The produce was fantastic, and if our refrigerator wasn’t full I would have hauled tons of colorful stuff home.  We can’t eat enough to support all the temptations so gorgeously displayed. We managed to get out of the store with some great looking green tea from China and two bottles of “Our Daily Red”, an organic red table wine with no sulfites.  Keeps the migraines away for me.  I love a good red wine, but will certainly settle for a daily red glass of this good stuff full of antioxidants and other good things.  It was a fun way to spend a dark rainy evening in Eureka.

Eureka to Fort BraggToday we are going to try out the Samoa Cookhouse, the last surviving lumber camp style cookhouse in the west, built in 1893.  The meals are all served family style and breakfast today will be French toast, sausage, and who knows what else.  There is a lumberjack museum with the cookhouse that should be entertaining.  Another treat will be breakfast company, with some soil scientist friends of mine located at the Arcata Soil Survey Office who have agreed to meet us there this morning.  Looking forward to it.

Later:

Eureka to Fort Bragg (6) Our breakfast was wonderful, and visiting with Sue Azman made it even more so.  I’m not sure if Mo enjoyed all the soil survey talk as much as I did, but we all had a good time talking about kayaking the coast.  Sue is an avid sea kayaker and we had fun talking kayaks and possible trips.  Back to camp in plenty of time to button up and we actually left the park at 12:01.  Gas in Eureka was a whopping 3.35 per gallon, and we knew that in Fort Bragg it was only 2.99, so we only put 50 bucks in the MoHo to get us on down the road.  Again, our travel day was a short 130 miles or so.  BUT!  What a trip it was!!

 

Eureka to Fort Bragg (30) We traveled south on 101 for some distance before turning off on the alternate highway that travels 32 miles through the redwoods, called the Avenue of the Giants.  It was a leisurely, meandering drive through huge trees and narrow roads, but with no traffic at all.  Stopping at several of the auto tour sites for photos, and some short walks in the forest was refreshing.  Once more, Abby wasn’t welcome on the trails, even on a leash, so Mo stayed in the MoHo so I could walk through the forest a bit and take pictures.  I had been enjoying the subtle light on a pale yellow vine that seemed to be in many of the trees and wanted to photograph it.  Closer inspection revealed the bane of my California soil survey life, poison oak!  It was creeping at least 40 feet high into the trees, and covering the forest floor, mixed with the ferns and oxalis.  Poison oak is ubiquitous in the Mother Lode where I worked, but I had no idea it was so prevalent in this high precipitation redwood forest.  Ugh!  I am extremely allergic and had to do a couple of hospital visits while working in California.  It was one of the main reasons I was so glad to finally retire and get back home to Oregon.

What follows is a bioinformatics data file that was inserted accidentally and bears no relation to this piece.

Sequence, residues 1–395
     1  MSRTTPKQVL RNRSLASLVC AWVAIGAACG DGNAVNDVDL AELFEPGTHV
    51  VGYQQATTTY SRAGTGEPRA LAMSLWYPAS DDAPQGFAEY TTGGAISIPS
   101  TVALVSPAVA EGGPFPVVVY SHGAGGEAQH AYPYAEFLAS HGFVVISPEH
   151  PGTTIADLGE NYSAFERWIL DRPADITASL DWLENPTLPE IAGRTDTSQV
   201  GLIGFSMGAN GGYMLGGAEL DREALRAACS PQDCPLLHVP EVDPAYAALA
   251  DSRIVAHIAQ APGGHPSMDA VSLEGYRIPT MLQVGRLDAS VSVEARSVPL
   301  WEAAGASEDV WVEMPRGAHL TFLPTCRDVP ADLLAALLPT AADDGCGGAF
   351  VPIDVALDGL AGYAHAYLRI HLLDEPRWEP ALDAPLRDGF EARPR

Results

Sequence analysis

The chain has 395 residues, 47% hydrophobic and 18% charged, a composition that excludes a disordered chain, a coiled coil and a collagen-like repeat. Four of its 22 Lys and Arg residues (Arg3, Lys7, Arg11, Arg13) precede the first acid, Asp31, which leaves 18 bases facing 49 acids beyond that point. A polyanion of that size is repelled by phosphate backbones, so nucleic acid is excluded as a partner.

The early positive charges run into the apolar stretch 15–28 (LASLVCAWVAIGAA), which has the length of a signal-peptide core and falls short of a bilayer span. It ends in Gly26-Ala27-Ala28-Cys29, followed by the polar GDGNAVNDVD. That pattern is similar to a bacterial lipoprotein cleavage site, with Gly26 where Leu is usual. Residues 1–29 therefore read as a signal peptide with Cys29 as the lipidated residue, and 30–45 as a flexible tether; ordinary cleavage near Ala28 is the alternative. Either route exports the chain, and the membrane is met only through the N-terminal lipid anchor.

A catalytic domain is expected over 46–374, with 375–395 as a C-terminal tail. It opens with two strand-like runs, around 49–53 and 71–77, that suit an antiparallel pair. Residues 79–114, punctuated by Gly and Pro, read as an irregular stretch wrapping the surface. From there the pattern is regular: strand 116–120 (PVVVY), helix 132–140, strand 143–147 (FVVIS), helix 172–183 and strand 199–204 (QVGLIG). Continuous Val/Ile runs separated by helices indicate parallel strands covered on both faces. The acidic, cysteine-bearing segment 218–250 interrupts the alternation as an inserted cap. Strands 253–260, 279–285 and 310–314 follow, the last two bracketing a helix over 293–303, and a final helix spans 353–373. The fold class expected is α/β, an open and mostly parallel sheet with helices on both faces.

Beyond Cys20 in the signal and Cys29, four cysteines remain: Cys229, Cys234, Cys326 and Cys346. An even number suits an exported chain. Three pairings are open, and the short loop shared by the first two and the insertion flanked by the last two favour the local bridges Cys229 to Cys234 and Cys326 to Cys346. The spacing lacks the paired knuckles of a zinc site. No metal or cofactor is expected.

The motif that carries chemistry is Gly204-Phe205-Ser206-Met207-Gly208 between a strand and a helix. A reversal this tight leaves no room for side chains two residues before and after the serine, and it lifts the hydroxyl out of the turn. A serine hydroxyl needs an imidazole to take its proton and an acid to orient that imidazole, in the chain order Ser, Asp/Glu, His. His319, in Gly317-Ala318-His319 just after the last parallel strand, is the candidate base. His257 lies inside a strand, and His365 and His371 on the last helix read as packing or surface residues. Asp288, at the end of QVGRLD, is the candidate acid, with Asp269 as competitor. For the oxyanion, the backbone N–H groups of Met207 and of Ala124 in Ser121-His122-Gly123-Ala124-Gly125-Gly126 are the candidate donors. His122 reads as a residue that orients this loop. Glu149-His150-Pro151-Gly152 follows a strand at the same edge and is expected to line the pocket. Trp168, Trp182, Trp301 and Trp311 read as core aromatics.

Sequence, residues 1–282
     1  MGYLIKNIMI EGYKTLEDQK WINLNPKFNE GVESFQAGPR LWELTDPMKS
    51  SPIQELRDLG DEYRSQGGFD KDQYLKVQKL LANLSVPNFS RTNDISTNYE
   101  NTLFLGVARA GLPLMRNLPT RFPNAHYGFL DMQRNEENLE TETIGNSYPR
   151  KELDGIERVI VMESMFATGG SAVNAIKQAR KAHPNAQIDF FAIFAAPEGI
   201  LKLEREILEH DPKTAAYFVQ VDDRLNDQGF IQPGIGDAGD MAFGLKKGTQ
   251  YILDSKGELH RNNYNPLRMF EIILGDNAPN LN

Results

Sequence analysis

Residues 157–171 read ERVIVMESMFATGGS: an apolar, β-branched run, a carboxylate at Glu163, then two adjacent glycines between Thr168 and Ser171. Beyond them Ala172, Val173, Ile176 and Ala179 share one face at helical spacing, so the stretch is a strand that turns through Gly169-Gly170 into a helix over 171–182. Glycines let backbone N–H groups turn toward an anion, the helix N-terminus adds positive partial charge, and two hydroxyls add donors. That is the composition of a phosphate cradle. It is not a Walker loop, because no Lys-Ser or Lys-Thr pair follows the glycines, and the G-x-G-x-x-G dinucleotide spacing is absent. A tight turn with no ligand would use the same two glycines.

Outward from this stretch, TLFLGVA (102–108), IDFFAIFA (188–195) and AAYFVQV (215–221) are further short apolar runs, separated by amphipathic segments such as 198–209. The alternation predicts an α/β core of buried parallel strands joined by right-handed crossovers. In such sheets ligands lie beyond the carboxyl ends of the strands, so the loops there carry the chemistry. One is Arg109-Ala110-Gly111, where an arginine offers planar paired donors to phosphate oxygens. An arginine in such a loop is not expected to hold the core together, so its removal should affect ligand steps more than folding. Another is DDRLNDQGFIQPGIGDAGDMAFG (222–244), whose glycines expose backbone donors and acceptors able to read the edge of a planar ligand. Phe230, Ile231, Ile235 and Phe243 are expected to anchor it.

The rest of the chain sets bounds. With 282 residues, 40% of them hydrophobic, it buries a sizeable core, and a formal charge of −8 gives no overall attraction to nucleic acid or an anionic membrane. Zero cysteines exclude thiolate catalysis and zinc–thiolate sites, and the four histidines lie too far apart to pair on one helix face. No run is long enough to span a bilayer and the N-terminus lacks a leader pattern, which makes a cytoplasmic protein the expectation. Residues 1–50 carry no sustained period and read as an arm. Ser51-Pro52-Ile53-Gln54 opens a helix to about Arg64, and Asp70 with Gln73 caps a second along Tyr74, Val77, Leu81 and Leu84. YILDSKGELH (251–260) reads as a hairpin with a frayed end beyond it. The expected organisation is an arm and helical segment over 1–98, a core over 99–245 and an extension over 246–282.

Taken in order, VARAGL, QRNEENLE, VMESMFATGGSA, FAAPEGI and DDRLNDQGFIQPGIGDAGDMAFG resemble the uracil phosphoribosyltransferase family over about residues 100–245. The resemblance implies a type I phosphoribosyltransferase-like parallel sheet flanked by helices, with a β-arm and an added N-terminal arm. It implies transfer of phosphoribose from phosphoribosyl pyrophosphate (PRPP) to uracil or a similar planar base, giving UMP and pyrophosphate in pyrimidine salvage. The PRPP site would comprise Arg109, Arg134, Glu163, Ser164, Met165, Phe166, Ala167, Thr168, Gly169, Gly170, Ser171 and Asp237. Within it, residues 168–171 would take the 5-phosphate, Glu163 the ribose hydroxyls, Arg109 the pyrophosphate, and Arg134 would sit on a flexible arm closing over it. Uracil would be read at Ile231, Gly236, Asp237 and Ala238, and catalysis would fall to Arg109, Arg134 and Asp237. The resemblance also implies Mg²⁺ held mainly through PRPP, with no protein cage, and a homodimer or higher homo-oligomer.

Eureka to Fort Bragg (86) At the terminus of the Avenue of the Giants, it wasn’t far to our turn west from 101 to Fort Bragg. Although Highway 1 is famous as one of the most beautiful scenic byways in the country, this part of “one” crossed the last of the coastal ranges via an incredibly curvy and steep road before arriving at the ocean cliffs a few miles north of Fort Bragg.  I think this may have been the curviest road we have driven in the MoHo, and I’m glad Mo was the one doing the driving.  Jeremy wasn’t too happy about the curves either, and he insisted on riding on the dash board, twisting and turning and trying to get comfortable.  I tend to get car sick when it’s bad like this, but on this trip I remembered to bring my “sea bands”, wrist bands with knobs that create pressure on meridian points on the wrist.  I was starting to get queasy when I put them on, and was afraid they wouldn’t work, but they did!  Amazing little tool, these wrist bands.  On the way down the hill we saw a flare and then a rolled over car with several people trying to turn it back upright.  It all seemed a bit strange because there must have been eight people there and only 2 cars, the rollover and another car.  Hmmm.  Which car had that many people in it?  They all looked a bit sheepish, and a bit strange.  We didn’t stop.